On the Jutland Peninsula, an amateur archaeologist discovered the largest treasure of gold objects in the history of Denmark of the 6th century. The treasure consists of 22 beautifully preserved gold objects with a total weight of 945 grams.
According to the Vejlemuseerne Museum, the gold items were found by Ole Jinnerup Schitz, who, with a new metal detector, explored a corn field near the town of Jelling in 2020.
“Only a member of society who achieved absolute power could accumulate such a great treasure. Apparently, long before the Kingdom of Denmark emerged in the following centuries, an unknown ruler lived here,” explains the archaeologist of the Vejlemuseerne Museum Mads Ravn.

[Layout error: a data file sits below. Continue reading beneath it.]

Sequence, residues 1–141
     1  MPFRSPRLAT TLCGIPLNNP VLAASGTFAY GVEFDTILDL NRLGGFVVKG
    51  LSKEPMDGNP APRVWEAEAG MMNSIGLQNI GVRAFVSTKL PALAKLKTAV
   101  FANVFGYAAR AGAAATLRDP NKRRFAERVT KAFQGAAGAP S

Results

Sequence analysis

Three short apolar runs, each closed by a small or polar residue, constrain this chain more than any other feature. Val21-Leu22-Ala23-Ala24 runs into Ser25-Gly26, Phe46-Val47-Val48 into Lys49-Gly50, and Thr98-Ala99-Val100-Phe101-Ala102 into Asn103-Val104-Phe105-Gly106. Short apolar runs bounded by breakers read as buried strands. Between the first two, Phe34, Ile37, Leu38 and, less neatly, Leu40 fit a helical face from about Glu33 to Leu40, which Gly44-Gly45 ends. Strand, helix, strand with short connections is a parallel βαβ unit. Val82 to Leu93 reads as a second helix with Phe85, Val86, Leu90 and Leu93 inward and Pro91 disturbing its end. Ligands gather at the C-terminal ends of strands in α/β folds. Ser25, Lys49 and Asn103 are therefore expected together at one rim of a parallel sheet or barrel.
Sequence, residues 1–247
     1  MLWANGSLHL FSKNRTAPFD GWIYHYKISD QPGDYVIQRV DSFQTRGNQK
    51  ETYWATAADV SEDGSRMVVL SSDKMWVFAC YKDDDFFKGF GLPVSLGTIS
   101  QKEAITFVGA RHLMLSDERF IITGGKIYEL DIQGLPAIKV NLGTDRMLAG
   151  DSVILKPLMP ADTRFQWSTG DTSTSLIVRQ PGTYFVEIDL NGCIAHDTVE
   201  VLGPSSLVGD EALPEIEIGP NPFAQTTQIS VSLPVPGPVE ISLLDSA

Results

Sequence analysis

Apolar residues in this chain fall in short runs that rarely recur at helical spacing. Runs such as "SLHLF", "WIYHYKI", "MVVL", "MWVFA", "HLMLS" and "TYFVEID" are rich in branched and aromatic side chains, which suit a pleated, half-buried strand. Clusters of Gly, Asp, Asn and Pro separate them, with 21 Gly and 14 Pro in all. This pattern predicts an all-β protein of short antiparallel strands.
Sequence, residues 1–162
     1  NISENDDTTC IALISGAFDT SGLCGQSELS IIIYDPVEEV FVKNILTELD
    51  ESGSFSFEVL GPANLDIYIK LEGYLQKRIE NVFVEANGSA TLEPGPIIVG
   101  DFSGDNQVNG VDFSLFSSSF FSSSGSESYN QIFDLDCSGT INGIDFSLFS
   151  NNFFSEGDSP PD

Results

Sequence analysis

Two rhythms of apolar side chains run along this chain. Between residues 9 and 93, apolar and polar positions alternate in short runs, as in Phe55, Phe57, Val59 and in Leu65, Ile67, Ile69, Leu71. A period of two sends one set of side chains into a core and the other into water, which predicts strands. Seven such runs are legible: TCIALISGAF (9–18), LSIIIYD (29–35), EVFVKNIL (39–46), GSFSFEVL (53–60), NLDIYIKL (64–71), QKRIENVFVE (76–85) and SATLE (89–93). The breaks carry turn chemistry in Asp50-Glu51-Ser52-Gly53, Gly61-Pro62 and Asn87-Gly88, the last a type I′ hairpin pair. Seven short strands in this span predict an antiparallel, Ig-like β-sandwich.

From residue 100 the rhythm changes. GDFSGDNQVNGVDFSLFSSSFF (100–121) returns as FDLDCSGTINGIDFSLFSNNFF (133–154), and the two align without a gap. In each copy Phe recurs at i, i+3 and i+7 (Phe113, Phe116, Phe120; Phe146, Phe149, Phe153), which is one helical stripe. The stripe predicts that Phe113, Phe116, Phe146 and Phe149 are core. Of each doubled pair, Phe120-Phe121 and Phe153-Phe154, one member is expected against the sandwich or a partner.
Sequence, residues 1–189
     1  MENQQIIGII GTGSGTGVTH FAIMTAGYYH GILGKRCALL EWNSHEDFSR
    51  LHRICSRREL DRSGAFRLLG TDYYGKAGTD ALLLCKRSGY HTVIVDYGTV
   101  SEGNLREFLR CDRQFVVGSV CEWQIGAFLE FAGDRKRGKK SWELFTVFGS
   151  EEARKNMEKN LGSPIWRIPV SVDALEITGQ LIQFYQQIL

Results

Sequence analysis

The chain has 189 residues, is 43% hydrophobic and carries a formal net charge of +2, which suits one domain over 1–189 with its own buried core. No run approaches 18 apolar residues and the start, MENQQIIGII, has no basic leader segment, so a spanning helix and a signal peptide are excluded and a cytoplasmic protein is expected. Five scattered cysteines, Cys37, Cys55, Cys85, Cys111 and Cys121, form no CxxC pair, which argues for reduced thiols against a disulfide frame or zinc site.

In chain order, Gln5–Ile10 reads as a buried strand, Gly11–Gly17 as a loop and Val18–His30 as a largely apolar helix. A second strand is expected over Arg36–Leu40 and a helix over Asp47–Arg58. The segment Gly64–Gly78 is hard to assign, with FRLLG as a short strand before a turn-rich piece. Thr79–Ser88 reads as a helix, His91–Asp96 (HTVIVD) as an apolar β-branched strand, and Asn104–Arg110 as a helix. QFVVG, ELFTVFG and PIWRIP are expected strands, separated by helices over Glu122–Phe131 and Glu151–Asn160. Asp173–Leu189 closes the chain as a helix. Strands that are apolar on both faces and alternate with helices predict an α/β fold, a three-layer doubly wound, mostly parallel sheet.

Scientists suggest that the burial of the treasure is associated with a climatic disaster, when in 536 Scandinavia was covered with ash from volcanic precipitation. The result was the sharpest drop in mean annual temperature in the Northern Hemisphere over the past two thousand years. Therefore, golden objects were donated to the gods for the Sun to revive.
The artifacts are under restoration and will be displayed at the National Museum of Denmark in 2022.
The town of Jelling on the Jutland Peninsula is considered the birthplace of the Danish statehood. It is known for two runestones that have survived from the Middle Ages.
On the first, small, which appeared around 950, there is an inscription about the first monarch of the country: "King Gorm made a memorial stone in honor of Tyra, his wife, the sovereign of Denmark." Two burial mounds and two runestones, together with the church at the burial site, are included in the UNESCO World Heritage List.